SolarAid awarded European Solar Prize for its work tackling climate change and poverty in Africa

Tomorrow evening SolarAid will be awarded with the EUROSOLAR European Solar Prize 2013 at an awards ceremony at the Berlin Branch of KfW Bankengruppe in Germany.

EUROSOLAR and SolarAid have a shared vision for a world that doesn’t depend on fossil fuels  and where everyone has access to clean, safe renewable energy.

The European Solar Prize awards organisations taking innovative and pioneering action in promoting widespread use of solar energy.

SolarAid have been awarded this prestigious prize, now in its twentieth year, for their work combatting both climate change and poverty with solar lights in Africa.

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In Africa 600 million people do not have access to electricity[i] and many rely on dirty kerosene for light. Kerosene is extremely dangerous and contributes to the indoor air pollution that causes a million deaths worldwide every year[ii]. Burning kerosene emits black carbon, the second biggest contributor to global climate change[iii]. It is also extremely expensive for rural African families, who can spend around 25% of their income on kerosene every week[iv].

For about $10 SolarAid provides families the opportunity to buy a clean, safe solar alternative. Not only is the light brighter, safer and better for the environment – it gives free light and provides more time for studying, working and socialising. SolarAid distribute these solar lights in East Africa through  their social enterprise SunnyMoney. By selling rather than giving, it is building a sustainable market for solar products in Africa that is growing at an exponential rate.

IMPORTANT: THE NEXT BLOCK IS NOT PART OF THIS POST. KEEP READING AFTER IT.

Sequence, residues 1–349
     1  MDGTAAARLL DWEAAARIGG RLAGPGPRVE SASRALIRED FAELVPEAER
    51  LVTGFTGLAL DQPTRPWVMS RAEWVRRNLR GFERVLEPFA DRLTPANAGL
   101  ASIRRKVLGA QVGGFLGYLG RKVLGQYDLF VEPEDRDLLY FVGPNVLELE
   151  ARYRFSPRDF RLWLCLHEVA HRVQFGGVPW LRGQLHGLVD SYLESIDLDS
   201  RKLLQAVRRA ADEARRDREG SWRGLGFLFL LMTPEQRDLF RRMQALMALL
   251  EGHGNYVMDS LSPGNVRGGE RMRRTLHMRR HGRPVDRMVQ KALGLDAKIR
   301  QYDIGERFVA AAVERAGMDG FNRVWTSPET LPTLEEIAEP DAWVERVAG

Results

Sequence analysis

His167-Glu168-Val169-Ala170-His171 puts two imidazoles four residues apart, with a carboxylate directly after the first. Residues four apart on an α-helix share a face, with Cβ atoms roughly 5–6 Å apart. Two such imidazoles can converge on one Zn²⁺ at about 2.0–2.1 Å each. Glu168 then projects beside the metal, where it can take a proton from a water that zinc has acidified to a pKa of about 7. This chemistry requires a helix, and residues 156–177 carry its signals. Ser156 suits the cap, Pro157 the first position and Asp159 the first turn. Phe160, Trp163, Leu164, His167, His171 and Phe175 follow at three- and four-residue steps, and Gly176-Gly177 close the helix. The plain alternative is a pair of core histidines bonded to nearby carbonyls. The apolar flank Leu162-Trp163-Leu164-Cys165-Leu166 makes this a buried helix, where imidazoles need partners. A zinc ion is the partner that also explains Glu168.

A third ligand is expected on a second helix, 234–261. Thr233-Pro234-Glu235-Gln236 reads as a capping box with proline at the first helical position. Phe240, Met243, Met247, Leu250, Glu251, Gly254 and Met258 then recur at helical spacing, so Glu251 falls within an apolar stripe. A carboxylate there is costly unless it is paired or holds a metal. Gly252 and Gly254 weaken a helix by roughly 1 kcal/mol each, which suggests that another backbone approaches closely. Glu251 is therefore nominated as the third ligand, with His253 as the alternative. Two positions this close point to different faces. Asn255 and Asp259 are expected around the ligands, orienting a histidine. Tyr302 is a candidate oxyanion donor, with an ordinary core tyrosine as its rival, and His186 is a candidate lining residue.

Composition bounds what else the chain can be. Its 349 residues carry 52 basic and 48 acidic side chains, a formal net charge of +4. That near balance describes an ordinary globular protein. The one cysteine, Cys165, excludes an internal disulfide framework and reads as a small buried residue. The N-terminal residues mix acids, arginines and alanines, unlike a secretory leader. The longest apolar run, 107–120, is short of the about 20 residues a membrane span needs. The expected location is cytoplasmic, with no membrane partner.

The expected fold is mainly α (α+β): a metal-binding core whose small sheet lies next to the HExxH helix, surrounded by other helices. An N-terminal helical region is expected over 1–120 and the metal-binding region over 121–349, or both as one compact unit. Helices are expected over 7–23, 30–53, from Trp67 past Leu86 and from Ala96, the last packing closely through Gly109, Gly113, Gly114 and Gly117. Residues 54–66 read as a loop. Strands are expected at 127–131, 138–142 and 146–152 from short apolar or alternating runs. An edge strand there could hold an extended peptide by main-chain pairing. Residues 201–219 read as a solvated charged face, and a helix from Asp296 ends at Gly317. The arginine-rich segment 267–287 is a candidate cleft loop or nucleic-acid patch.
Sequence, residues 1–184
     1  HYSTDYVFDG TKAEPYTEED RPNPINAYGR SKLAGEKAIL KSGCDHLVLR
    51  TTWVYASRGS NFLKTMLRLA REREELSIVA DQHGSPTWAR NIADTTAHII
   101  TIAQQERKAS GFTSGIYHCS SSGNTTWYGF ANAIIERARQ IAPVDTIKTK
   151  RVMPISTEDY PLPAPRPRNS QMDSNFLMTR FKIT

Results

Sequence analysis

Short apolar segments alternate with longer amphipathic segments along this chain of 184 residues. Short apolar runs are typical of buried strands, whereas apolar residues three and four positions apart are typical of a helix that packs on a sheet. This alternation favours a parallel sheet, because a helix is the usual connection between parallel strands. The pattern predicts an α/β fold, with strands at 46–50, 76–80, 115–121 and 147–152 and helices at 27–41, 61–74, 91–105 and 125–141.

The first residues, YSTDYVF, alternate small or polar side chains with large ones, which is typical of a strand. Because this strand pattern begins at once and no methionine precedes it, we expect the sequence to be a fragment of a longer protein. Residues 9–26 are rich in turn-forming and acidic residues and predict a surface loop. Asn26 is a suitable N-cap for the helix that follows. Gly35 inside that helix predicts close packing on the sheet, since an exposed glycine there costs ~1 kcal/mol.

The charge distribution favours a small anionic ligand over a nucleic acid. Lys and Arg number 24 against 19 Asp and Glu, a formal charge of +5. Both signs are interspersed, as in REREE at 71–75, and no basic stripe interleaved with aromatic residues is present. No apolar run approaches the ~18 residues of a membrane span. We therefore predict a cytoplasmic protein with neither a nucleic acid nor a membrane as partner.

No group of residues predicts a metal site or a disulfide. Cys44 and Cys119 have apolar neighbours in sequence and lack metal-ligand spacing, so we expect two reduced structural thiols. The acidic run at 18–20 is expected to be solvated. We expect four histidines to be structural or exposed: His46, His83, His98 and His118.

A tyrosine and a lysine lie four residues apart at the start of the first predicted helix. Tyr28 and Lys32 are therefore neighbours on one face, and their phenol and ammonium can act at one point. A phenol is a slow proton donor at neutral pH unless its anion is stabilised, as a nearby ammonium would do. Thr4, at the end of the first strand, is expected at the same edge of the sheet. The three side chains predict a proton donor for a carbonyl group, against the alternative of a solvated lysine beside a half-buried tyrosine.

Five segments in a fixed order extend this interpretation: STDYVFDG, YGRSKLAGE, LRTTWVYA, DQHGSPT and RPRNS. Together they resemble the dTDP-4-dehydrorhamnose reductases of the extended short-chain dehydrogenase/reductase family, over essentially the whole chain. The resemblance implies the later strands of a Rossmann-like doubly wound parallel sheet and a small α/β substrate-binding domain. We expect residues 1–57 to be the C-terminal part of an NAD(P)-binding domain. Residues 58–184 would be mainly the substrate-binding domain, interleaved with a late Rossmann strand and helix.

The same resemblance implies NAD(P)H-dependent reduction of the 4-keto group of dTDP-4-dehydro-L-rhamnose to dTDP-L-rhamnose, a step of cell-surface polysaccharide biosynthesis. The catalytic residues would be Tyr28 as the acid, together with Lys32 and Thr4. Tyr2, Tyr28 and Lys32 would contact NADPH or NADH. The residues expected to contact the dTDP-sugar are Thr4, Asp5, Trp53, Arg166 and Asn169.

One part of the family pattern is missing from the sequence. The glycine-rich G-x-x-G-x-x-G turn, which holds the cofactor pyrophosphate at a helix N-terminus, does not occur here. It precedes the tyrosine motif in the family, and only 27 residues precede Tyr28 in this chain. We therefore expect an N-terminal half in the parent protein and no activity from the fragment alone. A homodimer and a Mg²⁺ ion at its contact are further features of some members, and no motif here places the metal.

The people that need solar lights most live in the remotest rural corners of the continent, far from the electricity grid. Getting solar lights to  places that have little infrastructure is a huge challenge and the charity raises money to cover the expensive cost of this distribution. It also works to lobby governments to have fair tax policies for importing solar, so that the economy can flourish.

Jeremy Leggett, Founder and chairman of SolarAid and Solarcentury, said:

“Receiving this award is a hugely gratifying recognition both of what SolarAid has achieved, and the potential prize we see ahead of us. Our goal is to rid Africa of the kerosene lantern by 2020 and with our cumulative solar light sales surpassing 750,000 in October, with over 72% sold in the last 12 months, we are on track. It’s an exciting time. We have the potential to create a vibrant microcosm of how relatively easily clean energy can replace fossil fuels if people pull together.

SolarAid was founded by Solarcentury in 2006 and Solarcentury continues to support the charity with 5% of its profits each year. It would be wonderful if the wider solar sector could get behind SolarAid too. There would be few legacies as compelling as helping us to reach our first major milestone – a million lights by March 2014 – and then replicating the success across the continent.”

To support SolarAid in its mission contact SolarAid’s Corporate Partnerships Manager – Tessa Kipping tessa.kipping@solar-aid.org.